He did it all. But this very man has also inched his way into political power. His empire of crime enabled him to encroach on the corridor of power. It is during the regime of Hussein Muhammad Ershad that he roped in the echelons of the military ruler's Jatyo Party and he was elected commissioner of ward No. 21 of Khulna City Corporation. He was re-elected commissioner even after the fall of the autocrat. It was in 1991 that he joined the BNP, an act that let him continue with his crimes. In Bangladesh, it has become an abiding norm of so called democratic governments to flourish on sullied ground. The toppling of a dictator did not change much. A case like Shikeder is a proof that misrule continues under a changed cloak. Until the day of his arrest, he held his post as commissioner; such is the extent of corruption that mars our political culture.

In 1997, Shikder joined the AL, allegedly by bribing some of the big guns of the party that came to power in 1996. At that point the unusual happened. His crimes began to translate into newspaper stories with catchy headlines. And it was at this juncture that an 'expel order' was issued from Sheikh Hasina, the then Prime Minister and the president of AL. It is this expel order that dislocated the gangster who was so far had no trouble in keeping many a political leader wrapped around his finger.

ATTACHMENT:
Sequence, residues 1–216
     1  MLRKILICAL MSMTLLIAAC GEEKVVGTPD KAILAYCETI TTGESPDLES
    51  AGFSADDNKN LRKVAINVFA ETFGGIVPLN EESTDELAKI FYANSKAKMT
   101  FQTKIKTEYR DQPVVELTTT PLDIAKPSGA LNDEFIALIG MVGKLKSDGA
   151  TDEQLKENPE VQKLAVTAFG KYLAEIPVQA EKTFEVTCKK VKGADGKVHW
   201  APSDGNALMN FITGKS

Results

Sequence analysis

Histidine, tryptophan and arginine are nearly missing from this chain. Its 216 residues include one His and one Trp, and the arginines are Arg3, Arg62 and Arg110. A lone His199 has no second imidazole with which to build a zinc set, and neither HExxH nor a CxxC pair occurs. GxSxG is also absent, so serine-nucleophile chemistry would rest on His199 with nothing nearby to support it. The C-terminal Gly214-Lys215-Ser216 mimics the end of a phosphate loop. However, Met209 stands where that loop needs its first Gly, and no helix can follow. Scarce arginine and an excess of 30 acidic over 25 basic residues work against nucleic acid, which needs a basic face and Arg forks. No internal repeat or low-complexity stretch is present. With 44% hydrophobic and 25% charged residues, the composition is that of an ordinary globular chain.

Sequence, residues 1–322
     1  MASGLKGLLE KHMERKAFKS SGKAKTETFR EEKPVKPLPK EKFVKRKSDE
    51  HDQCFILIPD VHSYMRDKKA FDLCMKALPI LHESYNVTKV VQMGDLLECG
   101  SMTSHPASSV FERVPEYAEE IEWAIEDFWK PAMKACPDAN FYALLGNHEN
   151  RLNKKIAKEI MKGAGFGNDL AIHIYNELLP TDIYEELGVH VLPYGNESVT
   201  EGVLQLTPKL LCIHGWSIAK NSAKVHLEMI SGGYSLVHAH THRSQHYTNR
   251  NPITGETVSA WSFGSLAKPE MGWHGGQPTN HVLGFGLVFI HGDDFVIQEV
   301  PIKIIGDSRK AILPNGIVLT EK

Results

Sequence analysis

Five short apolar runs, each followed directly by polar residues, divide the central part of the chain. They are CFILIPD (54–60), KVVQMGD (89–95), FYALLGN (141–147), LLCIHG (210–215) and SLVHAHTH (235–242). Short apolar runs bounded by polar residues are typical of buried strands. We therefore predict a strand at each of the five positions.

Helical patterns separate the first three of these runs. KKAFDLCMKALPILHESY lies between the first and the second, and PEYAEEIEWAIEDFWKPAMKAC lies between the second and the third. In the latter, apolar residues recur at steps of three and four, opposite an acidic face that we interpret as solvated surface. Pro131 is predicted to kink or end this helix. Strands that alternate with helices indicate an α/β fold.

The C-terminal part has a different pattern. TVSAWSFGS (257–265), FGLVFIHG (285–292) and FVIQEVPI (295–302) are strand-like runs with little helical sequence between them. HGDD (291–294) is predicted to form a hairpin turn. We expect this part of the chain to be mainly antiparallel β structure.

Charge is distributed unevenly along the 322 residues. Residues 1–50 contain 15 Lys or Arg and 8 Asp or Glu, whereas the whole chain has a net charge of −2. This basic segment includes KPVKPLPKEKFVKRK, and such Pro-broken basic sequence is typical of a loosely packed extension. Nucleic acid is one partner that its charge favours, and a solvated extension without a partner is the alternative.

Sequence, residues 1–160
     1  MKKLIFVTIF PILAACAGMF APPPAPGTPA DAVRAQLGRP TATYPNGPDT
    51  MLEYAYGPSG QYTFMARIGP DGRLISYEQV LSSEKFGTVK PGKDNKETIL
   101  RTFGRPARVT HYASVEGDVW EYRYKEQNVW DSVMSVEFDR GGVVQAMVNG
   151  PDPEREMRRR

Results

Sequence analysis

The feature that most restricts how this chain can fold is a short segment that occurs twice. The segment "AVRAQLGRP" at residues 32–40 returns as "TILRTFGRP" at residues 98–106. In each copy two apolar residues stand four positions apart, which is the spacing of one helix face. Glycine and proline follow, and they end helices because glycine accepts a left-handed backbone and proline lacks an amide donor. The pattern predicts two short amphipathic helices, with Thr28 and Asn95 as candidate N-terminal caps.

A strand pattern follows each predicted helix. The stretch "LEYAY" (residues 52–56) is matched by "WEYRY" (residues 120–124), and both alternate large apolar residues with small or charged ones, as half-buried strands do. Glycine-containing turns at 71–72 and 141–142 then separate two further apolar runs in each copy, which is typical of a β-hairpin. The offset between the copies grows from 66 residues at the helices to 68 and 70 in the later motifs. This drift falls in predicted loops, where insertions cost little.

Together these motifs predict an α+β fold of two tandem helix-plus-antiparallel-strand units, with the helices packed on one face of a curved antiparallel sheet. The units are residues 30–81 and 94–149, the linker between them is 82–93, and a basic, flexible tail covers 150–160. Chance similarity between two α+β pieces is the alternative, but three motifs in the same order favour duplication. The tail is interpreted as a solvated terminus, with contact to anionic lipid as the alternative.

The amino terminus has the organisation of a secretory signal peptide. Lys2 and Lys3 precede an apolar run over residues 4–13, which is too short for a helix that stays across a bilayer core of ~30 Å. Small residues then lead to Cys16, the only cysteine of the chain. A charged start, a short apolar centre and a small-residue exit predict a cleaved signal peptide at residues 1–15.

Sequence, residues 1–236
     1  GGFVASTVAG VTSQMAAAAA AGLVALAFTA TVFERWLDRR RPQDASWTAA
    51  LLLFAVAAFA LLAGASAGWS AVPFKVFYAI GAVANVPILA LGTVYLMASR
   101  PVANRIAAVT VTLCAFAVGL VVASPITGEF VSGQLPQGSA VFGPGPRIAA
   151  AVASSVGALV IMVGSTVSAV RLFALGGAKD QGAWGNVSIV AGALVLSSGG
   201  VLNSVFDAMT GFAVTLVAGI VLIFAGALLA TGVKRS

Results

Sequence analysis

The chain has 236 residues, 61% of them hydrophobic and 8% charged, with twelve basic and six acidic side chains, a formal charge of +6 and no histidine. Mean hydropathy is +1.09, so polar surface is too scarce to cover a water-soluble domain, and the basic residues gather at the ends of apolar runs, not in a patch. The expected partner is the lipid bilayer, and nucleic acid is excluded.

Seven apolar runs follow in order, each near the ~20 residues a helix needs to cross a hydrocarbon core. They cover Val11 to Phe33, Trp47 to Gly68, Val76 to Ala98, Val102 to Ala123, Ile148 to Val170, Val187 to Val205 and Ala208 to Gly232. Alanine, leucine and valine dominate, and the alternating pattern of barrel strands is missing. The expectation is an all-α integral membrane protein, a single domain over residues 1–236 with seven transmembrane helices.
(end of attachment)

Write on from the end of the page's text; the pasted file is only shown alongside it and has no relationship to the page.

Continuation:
Police filed a case against him only after he was abandoned by the party in power. It was after a clash with the AL backed group in Khulna jetty No. 4 that Shikder went into hiding. As a criminal, whose past is tied to about 50 killings, he was hanged for one of the most sensational murder, the killing of Jubo League leader Khalid on May 16, 1999.